Latest technology on tour at treatment plant open house

THE NEW WAY—In older treatment plants, wastewater sits for a long time so solid parts sink. Chlorine is used to kill bacteria and another chemical removes chlorine. In the new North Kent Sewer Authority treatment plant, ultraviolet lights are used to mutate bacteria so it cannot reproduce. See how the process works at an open house on Friday, June 5 at 5 p.m. at 4775 Coit NE, Grand Rapids.

THE NEW WAY—In older treatment plants, wastewater sits for a long time so solid parts sink. Chlorine is used to kill bacteria and another chemical removes chlorine. In the new North Kent Sewer Authority treatment plant, ultraviolet lights are used to mutate bacteria so it cannot reproduce. See how the process works at an open house on Friday, June 5 at 5 p.m. at 4775 Coit NE, Grand Rapids.

It was nearly a decade in coming and is one of only a few of its kind in the United States. Residents of the City of Rockford and townships of Alpine, Cannon, Courtland and Plainfield have a vested interest in the North Kent Sewer Authority treatment plant at 4775 Coit NE, Grand Rapids. On Friday, June 5 at 5 p.m. come see the facility in action.

The authority, comprised of the municipalities listed above, planned the $50 million plant almost ten years ago as a joint venture when they believed they were facing an unfair contract with their previous treatment provider.

 

IT WILL HAPPEN WHEN

IT WILL HAPPEN WHEN-The weather vane at the North Kent Sewer Authority treatment plant is a flying pig.

The 40-year contract was set to expire November of 2008, and the City of Rockford and townships were expected to sign a new contract without even any idea of what the costs would be-except that they were going up. When they threatened to join forces and possibly build and run their own treatment plant, they were told it would happen when pigs fly.

 

That day came October 28, 2008 at 2:39 p.m. when the plant began processing the wastewater for the member communities.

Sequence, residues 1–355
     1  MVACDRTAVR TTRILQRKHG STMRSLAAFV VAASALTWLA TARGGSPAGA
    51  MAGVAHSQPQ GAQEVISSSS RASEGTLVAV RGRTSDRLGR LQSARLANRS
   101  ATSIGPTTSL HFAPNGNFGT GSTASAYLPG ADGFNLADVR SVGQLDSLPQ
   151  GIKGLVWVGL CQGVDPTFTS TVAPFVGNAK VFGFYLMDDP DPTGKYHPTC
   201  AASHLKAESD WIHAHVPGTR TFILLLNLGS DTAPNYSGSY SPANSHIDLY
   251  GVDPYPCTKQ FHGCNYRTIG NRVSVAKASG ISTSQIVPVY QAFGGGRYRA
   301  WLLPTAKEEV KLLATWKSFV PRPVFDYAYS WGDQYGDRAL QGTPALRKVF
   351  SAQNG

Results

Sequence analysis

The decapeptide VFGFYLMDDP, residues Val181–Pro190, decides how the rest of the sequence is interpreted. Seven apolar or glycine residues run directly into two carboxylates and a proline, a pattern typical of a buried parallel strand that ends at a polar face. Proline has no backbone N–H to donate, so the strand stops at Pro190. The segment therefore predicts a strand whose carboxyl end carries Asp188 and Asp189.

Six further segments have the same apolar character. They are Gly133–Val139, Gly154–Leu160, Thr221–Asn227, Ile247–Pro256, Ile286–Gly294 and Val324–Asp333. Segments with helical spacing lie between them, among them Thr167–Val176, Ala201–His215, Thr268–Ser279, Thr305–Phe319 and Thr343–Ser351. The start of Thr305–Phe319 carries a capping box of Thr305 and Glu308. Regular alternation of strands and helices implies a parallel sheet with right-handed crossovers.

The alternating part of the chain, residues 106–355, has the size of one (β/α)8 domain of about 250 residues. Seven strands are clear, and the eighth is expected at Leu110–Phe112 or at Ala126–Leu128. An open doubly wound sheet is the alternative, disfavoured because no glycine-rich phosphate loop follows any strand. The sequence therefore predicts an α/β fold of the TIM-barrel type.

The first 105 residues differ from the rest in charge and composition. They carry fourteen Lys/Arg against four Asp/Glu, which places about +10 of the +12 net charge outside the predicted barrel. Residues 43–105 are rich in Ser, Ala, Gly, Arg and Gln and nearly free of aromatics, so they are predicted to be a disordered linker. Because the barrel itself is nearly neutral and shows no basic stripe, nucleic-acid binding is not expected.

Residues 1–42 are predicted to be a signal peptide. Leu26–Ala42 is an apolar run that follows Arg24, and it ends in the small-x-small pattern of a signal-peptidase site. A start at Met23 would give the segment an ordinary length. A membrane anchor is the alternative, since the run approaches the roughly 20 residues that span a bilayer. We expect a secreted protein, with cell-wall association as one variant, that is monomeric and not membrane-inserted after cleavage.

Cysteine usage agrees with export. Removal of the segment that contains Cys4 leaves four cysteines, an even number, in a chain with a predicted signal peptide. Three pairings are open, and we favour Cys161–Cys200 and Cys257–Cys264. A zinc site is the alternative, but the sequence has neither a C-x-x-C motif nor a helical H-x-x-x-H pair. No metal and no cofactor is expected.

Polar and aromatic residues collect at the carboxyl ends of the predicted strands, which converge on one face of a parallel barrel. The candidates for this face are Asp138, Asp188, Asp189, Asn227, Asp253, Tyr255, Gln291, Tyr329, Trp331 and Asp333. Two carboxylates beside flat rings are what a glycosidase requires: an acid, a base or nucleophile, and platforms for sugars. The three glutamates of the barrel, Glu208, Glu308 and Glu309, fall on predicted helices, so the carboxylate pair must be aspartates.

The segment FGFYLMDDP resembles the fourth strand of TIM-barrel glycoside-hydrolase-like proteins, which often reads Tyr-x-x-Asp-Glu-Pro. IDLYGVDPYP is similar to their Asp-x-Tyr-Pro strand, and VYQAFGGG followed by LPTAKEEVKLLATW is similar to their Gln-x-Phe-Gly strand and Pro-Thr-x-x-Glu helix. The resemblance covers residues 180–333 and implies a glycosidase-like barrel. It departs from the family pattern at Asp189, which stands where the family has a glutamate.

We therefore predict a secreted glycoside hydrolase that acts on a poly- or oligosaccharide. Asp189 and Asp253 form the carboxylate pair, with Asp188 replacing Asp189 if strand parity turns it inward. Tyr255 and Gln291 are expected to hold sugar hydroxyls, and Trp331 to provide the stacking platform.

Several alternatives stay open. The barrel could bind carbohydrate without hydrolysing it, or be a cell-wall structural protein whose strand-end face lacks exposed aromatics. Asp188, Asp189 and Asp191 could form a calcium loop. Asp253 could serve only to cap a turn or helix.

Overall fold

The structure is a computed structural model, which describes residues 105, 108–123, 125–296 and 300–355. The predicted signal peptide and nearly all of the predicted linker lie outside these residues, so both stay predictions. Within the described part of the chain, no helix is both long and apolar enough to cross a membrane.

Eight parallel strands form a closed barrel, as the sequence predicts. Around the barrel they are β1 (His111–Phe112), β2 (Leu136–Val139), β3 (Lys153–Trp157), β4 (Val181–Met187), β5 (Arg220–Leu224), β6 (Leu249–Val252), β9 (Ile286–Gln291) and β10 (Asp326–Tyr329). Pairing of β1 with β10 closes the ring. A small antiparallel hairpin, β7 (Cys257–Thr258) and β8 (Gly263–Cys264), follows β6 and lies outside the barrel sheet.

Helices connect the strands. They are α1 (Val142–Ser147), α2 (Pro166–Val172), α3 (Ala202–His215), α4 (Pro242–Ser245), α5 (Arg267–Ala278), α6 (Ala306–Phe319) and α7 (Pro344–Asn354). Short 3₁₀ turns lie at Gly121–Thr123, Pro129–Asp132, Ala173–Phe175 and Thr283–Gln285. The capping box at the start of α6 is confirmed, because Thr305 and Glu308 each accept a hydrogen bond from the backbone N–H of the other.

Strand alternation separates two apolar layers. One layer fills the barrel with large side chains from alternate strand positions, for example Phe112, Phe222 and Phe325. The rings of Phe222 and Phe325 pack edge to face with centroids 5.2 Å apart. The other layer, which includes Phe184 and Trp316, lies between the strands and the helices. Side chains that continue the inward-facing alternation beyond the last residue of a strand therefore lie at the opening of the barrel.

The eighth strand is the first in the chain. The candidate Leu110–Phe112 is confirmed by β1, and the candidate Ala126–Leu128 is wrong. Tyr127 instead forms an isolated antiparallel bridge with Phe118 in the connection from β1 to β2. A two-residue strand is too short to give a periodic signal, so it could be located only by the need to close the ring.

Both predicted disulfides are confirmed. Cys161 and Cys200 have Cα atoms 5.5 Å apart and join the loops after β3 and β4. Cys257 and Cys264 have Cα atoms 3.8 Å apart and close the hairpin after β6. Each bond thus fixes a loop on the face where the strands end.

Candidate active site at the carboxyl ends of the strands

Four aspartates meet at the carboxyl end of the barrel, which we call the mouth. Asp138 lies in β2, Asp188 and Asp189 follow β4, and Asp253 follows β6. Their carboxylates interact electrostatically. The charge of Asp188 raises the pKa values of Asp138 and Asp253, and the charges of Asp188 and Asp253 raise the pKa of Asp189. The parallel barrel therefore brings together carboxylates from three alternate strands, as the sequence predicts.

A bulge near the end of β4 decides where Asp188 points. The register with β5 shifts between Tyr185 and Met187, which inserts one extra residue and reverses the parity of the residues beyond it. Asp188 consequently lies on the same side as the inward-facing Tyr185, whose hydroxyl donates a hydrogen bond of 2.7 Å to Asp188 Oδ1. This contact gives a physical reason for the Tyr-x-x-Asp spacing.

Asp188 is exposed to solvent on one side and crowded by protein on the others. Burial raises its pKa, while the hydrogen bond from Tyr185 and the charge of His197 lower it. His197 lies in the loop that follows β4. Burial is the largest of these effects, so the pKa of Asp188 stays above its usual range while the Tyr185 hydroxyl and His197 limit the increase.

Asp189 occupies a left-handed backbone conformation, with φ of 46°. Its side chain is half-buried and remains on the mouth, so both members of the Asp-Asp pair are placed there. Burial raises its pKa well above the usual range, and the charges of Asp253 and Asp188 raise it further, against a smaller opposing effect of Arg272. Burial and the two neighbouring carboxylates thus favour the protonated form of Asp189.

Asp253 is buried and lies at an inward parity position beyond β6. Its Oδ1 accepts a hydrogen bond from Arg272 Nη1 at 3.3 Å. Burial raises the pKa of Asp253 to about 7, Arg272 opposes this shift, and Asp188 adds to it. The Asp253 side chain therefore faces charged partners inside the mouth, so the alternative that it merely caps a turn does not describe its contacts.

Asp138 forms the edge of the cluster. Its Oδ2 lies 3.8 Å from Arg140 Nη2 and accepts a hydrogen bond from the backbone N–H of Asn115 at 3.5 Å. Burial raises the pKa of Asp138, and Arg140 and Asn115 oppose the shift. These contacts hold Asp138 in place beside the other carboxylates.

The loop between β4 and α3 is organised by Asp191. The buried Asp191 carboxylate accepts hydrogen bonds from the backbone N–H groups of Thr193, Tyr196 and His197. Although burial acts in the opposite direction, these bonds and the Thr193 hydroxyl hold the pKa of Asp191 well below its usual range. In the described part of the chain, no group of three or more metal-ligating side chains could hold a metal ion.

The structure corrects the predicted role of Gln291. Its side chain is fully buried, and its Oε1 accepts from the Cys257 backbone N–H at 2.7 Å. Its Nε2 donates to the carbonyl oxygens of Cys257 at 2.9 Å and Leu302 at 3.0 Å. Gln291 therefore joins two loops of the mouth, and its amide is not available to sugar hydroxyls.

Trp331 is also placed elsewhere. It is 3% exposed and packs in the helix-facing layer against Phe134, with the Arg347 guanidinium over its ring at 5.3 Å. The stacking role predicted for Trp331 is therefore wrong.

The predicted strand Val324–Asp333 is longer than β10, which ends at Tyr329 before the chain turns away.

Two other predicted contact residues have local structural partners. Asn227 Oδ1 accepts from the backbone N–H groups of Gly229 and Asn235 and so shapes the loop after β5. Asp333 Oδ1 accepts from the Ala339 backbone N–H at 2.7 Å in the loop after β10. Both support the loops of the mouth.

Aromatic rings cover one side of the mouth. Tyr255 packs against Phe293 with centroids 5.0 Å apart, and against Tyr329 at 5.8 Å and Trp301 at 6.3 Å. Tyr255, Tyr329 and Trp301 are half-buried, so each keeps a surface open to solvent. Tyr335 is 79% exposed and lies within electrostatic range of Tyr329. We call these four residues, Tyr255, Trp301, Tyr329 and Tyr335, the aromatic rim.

It has it saved over ten million dollars from what the five members’ taxpayers would have been charged with the previous treatment provider. In addition, the new plant has taken 4.3 million gallons a day from a system that was old, leaking, and regularly discharged untreated waste into the Grand River. Now the discharge the plant puts out is cleaner than the waters of the Grand River-all from a natural, Earth-friendly (and odorless) process.

For the first time the public is invited into the normally fenced and locked facility to see the process at work first hand. It is a government success story that shows how leadership in local government can be creative, bold and stand up for taxpayers in seemingly unfair situations.

Visitors to the public open house will be able to visit the four buildings of the plant and see the holding tanks-the equivalent of five Olympic-sized swimming pools.

According to Authority Board Chairman Michael Young, the plant is running incredibly well and came in under budget at $47 million.

The treatment plant uses membrane bio reactor technology that is state-of-the art facility that has had inquiries for tours and information from New Zealand, Australia and elsewhere around the world.

According to Young, the plan was met with scepticism and disregard by the former treatment providers, and also by some of the future members. It seemed like too big a project, too ambitious a plan, for five little governmental entities to pull off. “Everyone said we were crazy and out of control. We probably were a little bit crazy,” he said.

The plant currently treats over four million gallons of wastewater every day and is designed to treat up to eight million before being upgraded. It is estimated that the upgrade will not be required for at least 30 years, and after that the facility can be doubled in capacity on-site. “This plant is built for the future,” Young said.

The open house was originally planned for last fall, but was postponed due to weather. Visitors can get to the plant by crossing the Jupiter Bridge and turning right on Coit Avenue. The facility is on the right hand side of the road past Hunsberger Avenue.

Other Stories from the Squire

Top News…

Michigan ChalleNGe cadet meets Dale Earnhardt Jr. ALEXANDRIA, Va. – Respect, hard work, … [Continue Reading...]

Attention veterans! A call to action. Please stand for those who have fallen.   The Moving … [Continue Reading...]

The Rockford Girls’ Lacrosse team has been ranked number one in the Division One poll for most of … [Continue Reading...]

By JOHN HOGAN Rockford - and most of West Michigan, became a water wonderland last week as a … [Continue Reading...]

More Posts from this Category

In Other News

Knowing Your Competition   by David Broyles SCORE Counselor   Regardless of … [Continue Reading...]

Downtown Rockford was as busy this sidewalk sale week as in past years, despite a heat index of over … [Continue Reading...]

Rockford resident, writer and photographer John Hogan shared this picture with the Squire. The … [Continue Reading...]

David S. Fry

They wrote the book on cottage law—literally Recently, Attorney David S. Fry opened the … [Continue Reading...]

More Posts from this Category

Speak Your Mind

*